Monday, May 27, 2019

The Coffee Experiment

An old post that I never published (until now).

Photo by Libby Bacher
George Sheehan, the doctor/runner/writer from Red Bank, New Jersey, used to say that everyone is "an experiment of one."

In that spirit, I started an experiment in August (of 2014). During the week, I drank no coffee. On the weekends, I went to the Companion Bakeshop here in Santa Cruz to get a coffee or my favorite latte. During the first week, I got no headaches. However, during subsequent weeks, I got a headache every Monday night.

Once September rolled around, I decided to cut out caffeine completely for a couple of weeks. No Monday-night headaches. Then I decided that maybe it was safe to have a latte once in a while. So I had a nice latte one Sunday, which supercharged me for the  day. But come Monday night, I got a bad headache once again.

So it appears that (for me at least), the caffeine wears off after about 24 hours and I get a headache from withdrawal. I'm sorry, because I love coffee and especially a nice latte. But paying the price of a headache is too dear. I suppose I could compensate by drinking coffee all the time, but I actually feel better not drinking caffeine regularly.

I may have to embarrass myself by asking baristas for decaf latte, but it beats a headache.

Garden in April

A visitor in the garden.

Santa Cruz, California
 The garden, visitor-proofed.

Santa Cruz, California

Garden in March

Prepping the garden after a rainy winter.

Santa Cruz, California

Sunday, December 9, 2018

High-five gang at Pinnacles National Park

It was a beautiful winter day at Pinnacles National Park. We did our first outdoor lead on the Regular Route on Chockstone Dome. Not a hard climb, but perfect for a first lead.

Left of the Regular Route: the Chockstone: Pinnacles National Park

The Regular Route: Pinnacles National Park

Overboard: Pinnacles National Park

 The aftermath. I need to re-sort this gear.
Santa Cruz, California

Monday, October 22, 2018

President Ozymandias: Belief vs. Evidence

Sad but true: President Ozymandias


by Percy Bysshe Shelley

I met a traveller from an antique land,
Who said—“Two vast and trunkless legs of stone
Stand in the desert. . . . Near them, on the sand,
Half sunk a shattered visage lies, whose frown,
And wrinkled lip, and sneer of cold command,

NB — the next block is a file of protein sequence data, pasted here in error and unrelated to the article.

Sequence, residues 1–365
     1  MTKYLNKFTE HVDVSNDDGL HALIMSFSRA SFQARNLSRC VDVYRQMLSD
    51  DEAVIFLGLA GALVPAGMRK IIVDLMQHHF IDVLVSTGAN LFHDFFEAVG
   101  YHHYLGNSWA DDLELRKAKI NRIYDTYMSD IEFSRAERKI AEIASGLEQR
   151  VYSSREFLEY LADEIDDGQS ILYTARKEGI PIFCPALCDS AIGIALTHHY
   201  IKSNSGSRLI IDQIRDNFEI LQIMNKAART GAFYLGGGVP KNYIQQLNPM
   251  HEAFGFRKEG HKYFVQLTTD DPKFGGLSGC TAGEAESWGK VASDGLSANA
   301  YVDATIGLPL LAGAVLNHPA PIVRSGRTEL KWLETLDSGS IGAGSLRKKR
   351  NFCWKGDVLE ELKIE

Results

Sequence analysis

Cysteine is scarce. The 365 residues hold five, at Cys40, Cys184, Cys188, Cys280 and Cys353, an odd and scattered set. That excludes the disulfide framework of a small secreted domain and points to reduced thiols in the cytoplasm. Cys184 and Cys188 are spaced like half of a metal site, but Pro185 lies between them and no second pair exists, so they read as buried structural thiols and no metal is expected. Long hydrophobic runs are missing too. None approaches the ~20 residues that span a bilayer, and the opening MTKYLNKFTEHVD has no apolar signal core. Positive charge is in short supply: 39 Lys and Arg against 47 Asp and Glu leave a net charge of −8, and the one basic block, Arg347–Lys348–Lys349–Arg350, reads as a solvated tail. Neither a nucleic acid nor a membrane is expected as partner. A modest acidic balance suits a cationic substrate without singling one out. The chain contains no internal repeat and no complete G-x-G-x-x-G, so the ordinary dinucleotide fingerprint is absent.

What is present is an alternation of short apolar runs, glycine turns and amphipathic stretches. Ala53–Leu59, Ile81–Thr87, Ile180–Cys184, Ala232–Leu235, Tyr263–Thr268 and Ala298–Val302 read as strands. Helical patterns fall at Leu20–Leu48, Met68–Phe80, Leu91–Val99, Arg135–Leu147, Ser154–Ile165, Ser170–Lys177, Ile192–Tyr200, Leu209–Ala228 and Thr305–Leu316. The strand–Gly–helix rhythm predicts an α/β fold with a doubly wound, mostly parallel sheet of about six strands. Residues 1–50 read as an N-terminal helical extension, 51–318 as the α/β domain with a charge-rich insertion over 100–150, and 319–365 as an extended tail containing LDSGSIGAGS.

Tell that its sculptor well those passions read
Which yet survive, stamped on these lifeless things,
The hand that mocked them, and the heart that fed;

And on the pedestal, these words appear:
My name is Ozymandias, King of Kings;
Look on my Works, ye Mighty, and despair!
Nothing beside remains. Round the decay
Of that colossal Wreck, boundless and bare
The lone and level sands stretch far away.”

Sunday, August 26, 2018

Farming on the edge

I wrote about the marine terrace a couple of years ago, but just had some pictures from the second terrace, looking down toward the ocean and the first marine terrace. Here's that picture:

Back Ranch Road, Santa Cruz
Here's where your artichokes (and Brussels sprouts too) come from, on the first marine terrace:

Wilder Ranch, Santa Cruz, California
Just a few feet behind me as I took that picture was the edge of the bluff:

Wilder Ranch, Santa Cruz, California

Thursday, August 9, 2018


Santa Cruz, California

Carr fire smoke, August 4, 2018

Interstate 5 southbound near Weed Airport Road, Weed, California

Driving south from Oregon to Santa Cruz last Saturday, the smoke was dense from the Oregon border all the way to Sacramento. Normally, you can see Mount Shasta from I-5, but not a glimpse of it on this trip. That's Black Butte in the distance on the left.

There were two large fires: the Carr fire west of Redding, and the Mendocino Complex fire farther south. The Mendocino Complex fire became the largest fire in recorded California history later in the week.

Friday, July 20, 2018


This is a real truck, not just a pickup truck. I'm guessing this is from the 1940s.

Santa Cruz, California

Is this what ventilated brakes look like?

Thursday, July 19, 2018

Buses, cafe, engineering school

I'm fascinated with vehicles, particularly trains and buses. Buenos Aires runs on a mix of public buses, subways, taxis, bicycles, and motos (scooters or light motorcycles). There are a lot of cars too, but many people get by without them, because the buses are ubiquitous.

I think that many American cities (including Santa Cruz) are overlooking the potential of public buses.

Also, Buenos Aires has cafes down.

Bar Plaza Dorrego, San Telmo

Facultad de IngenierĂ­a, University of Buenos Aires
Buenos Aires

Buenos Aires

Wednesday, July 18, 2018


Latin America has some beautiful courtyards hiding behind unassuming facades. Most of them are private houses, but some of them house shops or restaurants.

San Telmo, Buenos Aires

Buenos Aires, Argentina

Saturday, July 14, 2018


Santa Cruz, California
Until the gophers figure out how to use wire cutters, they won't be able to get into my raised beds. A couple of winters ago, they ate about half my garlic crop.

More Buenos Aires buses

Buenos Aires, Argentina
The school buses in Buenos Aires are pretty fancy -- like city buses with comfortable seats. And they're orange, not yellow.

Buenos Aires
Many of the Buenos Aires buses have this weird thing attached to the wheels. It turns out it's a device that keeps the tires inflated to the optimum pressure automatically.

Sunday, January 21, 2018